I’ve had the RX100 as my “daily camera” for a couple of years now and it survived many trips and environments. But after all these years there was getting more and more sand and dust between the buttons and dials, causing all kinds of issues. It would randomly select different scenes or change the exposure while shooing pictures.
To fix this I opened up the camera to clear out all the dust and sand. At first this operation seemed successful, because all the buttons felt smooth again and the camera turned on. But that was about as far as my luck went. After switching on the camera an error message appeared: “Turn the camera off then on”.
Googling this message quickly revealed that this mostly seemed to happen, because a certain ribbon cable would fail as it’s bent in a weird angle and the pressure from it being stuck between the print plate and the body causes it to break.
To fix this issue you’d have to send your camera to a repair shop that quotes about $300,- to fix the issue. Since the camera was about $450,- new when I bought it in Japan I didn’t feel like spending almost as much to fix it.
After some more searching I found out that you’re able to order a replacement cable on AliExpress and you could replace the cable yourself. ( I bought the cable at this AliExpress store for $14,- )
Time to replace this puppy.
First I opened up the camera by removing the bottom plate that is attached with screws and a click system, after unscrewing all the screws gently pry it from the body.
After that I removed the backplate and screen by unscrewing a pair of screws on either side and also gently prying it loose from the body. Be careful to remove the speaker from the backplate on the bottom left corner (just pry it out), before bending the backplate over.
It should end up looking something like this:
Start prying of the black plastic cover by gently pulling it from the lens unit. There will be a lot of glue-like stuff stuck to it.
undefined The lens unit is attached to the print by three ribbon cables. A small one is attached at the top left. Then there’s a wide cable at the middle right of the lens. And finally our culprit on the bottom right of the lens unit.
You can loosen these cables by using a flat screwdriver and gently pushing against the notches on the cable, away from it’s connection point.
With a little bit of wiggling you can remove the lens unit from the body.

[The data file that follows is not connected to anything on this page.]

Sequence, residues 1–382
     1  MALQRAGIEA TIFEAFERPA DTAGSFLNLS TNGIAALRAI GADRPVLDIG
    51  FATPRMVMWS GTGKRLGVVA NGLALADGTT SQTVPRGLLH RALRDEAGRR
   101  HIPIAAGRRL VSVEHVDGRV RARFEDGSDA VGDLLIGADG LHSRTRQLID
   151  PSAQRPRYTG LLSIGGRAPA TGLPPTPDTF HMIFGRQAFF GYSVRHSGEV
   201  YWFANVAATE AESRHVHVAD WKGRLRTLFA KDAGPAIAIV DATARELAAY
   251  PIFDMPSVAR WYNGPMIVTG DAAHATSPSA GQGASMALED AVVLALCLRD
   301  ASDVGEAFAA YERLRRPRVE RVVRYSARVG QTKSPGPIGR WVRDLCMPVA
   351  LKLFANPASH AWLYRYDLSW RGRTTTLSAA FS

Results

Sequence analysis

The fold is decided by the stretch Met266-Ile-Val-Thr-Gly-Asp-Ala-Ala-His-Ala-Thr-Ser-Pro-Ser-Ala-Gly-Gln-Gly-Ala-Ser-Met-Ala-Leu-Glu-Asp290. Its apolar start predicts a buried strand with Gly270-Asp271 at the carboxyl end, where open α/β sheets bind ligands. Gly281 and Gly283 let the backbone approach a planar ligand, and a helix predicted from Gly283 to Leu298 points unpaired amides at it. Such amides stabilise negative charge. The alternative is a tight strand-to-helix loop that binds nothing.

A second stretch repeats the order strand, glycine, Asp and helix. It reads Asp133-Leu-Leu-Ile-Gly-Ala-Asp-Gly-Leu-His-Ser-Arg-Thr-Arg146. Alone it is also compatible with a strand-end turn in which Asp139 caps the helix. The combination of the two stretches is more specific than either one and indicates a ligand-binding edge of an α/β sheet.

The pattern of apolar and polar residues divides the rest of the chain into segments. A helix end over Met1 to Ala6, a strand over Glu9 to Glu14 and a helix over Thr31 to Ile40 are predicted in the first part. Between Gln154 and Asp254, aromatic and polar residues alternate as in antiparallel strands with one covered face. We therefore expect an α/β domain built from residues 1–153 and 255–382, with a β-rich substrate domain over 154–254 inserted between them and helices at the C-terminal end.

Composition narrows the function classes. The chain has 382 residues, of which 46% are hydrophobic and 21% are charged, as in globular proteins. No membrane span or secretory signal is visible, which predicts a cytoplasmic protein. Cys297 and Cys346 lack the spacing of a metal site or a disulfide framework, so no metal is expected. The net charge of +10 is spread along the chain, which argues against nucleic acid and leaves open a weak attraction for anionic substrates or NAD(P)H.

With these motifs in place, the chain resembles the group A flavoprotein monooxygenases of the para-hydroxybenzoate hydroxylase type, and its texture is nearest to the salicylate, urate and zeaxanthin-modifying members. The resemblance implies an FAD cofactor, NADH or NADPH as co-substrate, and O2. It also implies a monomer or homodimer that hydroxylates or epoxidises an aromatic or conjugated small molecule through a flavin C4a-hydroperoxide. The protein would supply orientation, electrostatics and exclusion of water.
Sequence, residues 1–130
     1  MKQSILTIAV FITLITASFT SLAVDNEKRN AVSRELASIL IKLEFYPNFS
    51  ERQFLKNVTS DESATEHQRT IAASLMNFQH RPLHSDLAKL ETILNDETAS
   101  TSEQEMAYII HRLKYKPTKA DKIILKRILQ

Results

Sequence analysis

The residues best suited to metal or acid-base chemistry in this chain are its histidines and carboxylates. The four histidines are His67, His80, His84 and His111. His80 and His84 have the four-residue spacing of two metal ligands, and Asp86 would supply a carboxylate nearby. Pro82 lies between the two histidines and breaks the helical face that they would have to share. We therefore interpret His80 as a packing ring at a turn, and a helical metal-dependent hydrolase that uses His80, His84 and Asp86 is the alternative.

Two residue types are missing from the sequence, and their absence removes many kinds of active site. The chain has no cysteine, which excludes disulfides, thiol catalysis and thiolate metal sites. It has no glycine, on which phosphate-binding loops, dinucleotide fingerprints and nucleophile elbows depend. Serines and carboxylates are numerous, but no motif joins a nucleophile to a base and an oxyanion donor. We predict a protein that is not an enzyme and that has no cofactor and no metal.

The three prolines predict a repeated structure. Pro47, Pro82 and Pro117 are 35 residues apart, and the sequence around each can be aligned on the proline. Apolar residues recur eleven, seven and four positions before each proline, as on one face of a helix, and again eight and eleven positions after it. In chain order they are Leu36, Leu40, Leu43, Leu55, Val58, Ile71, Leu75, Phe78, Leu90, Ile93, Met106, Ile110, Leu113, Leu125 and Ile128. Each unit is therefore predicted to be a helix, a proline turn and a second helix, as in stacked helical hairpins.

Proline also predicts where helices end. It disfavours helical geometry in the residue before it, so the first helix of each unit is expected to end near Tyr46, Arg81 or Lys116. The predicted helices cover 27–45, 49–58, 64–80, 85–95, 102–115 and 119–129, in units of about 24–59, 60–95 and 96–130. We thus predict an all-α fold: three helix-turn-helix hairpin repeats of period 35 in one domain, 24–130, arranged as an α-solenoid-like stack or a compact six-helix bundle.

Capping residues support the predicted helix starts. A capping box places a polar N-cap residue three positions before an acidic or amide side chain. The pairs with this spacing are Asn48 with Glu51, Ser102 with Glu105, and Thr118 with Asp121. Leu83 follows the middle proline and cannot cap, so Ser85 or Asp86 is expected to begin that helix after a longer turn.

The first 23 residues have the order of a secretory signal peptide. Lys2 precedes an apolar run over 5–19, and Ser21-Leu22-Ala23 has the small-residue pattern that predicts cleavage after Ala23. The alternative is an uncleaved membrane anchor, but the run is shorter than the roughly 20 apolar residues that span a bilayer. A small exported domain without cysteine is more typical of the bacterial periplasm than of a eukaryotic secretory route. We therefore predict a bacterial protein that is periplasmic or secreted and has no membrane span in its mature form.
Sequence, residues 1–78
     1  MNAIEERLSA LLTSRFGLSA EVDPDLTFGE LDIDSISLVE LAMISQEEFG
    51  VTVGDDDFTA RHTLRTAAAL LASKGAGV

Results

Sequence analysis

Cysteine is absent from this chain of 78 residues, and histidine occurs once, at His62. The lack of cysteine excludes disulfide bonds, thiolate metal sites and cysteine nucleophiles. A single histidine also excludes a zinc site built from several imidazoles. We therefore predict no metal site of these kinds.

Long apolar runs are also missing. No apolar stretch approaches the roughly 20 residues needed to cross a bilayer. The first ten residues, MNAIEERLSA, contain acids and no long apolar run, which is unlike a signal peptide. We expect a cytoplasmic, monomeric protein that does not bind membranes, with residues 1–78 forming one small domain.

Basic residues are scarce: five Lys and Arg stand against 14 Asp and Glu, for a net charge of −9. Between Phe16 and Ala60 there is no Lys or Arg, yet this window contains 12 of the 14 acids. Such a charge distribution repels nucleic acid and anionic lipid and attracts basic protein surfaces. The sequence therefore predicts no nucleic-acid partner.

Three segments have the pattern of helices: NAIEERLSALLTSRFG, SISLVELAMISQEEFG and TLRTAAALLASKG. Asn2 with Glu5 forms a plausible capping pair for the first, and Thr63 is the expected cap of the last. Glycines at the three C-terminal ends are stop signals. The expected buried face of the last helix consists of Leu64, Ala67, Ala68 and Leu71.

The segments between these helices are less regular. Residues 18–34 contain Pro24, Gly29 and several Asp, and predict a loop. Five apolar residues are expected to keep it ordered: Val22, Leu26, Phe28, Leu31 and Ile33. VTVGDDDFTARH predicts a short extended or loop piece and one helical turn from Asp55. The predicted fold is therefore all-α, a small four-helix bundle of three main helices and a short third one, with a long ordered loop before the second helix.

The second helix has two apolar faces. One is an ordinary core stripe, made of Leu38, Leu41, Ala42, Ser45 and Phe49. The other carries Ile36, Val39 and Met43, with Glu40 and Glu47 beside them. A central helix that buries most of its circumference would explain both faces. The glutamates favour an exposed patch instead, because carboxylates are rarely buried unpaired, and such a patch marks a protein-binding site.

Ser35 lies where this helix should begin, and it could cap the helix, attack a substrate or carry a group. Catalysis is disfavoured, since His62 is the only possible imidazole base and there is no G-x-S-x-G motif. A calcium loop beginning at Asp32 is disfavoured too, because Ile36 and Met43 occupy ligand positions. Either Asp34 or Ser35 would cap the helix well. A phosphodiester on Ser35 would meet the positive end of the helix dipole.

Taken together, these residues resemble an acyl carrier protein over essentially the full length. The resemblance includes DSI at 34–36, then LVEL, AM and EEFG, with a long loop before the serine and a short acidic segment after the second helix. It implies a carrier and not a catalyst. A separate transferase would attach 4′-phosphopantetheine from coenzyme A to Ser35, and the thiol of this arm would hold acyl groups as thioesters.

It seems Sony is a big fan of origami, because the ribbon cable is folded in all kinds of ways around the lens.
Lets start with the motor, you can detach it from the lens unit by pulling it up. Chances are a long cogwheel will fall out, just don’t forget to put it back after replacing the ribbon.
Around the plastic gearbox attached to the motor is a metallic clip, you can pry it loose it on one side, and it will reveal two connectors attached to the ribbon cable. Carefully pry them loose from the gearbox.
The ribbon splits in two near the motor, follow the other path and you’ll get to a connector at the side of the lens. Carefully remove the connector and then lift the ribbon cable up from the round notch. There will be another part of the same ribbon cable below that, also remove that from the round notch.
The last step of removal is to remove the white tape and follow the cable to the end, carefully remove the two cables coming from the connectors and remove the cable entirely. It’s attached the the lens unit with two little notches at either side, gently bend the cable in the middle between the two connectors and it will come off.
The only part of the ribbon you have to solder yourself is the attachment to the motor. Heat up the old solder and remove the cable. Then attach the new cable and solder it in place.
Be careful to make sure it’s soldered in the right direction and with the metallic parts on the ribbon facing outward.
Connect the two connectors to the gearbox and re-attach the metallic clip. One of the connectors will have a 180 degrees bend in the ribbon cable just before the connectors in order to attach it (it goes around the metallic clip).
Next up, start at the end of the ribbon cable with the two connectors we removed in the last removal step. Gently bend the cable between the two connectors to get the notches back into the lens unit and don’t forget to re-attach the two cables there.
Then guide the cable around the lens and attach it at the next notch, first wrap the hole in the cable around the square notch and then stretch it over the round notch. Do this for the lose end with the other connector as well, it should look like the picture below.
Then attach the gearbox back to the lens unit, just push it on, making sure to check that the very long cogwheel is in place first.
Finally guide the cable around the back of the lens unit. Attach both parts of the ribbon to the square notch at the top left of the unit below and then stretch it over the round notch at the right of the lens.
Now wiggle the lens unit back into the body and re-attach the three ribbons (top left, middle right and our culprit on the bottom right).
Then snap the LCD back on and the two covers. Re-do all the screws and if all went well your camera should start up without the pesky “Turn camera off then on” message.
Convert tiptap marks to svelte HTML components with a self-nested component.
Let's see if we can go node-less with Yew.
For a simple side-project, I needed to serve static JSON, with proper CORS headers.
I have rewritten my middleman site to Svelte/SvelteKit, here's what I encountered.
Or, make sure your headers match, otherwise you'll get a lot of strange errors.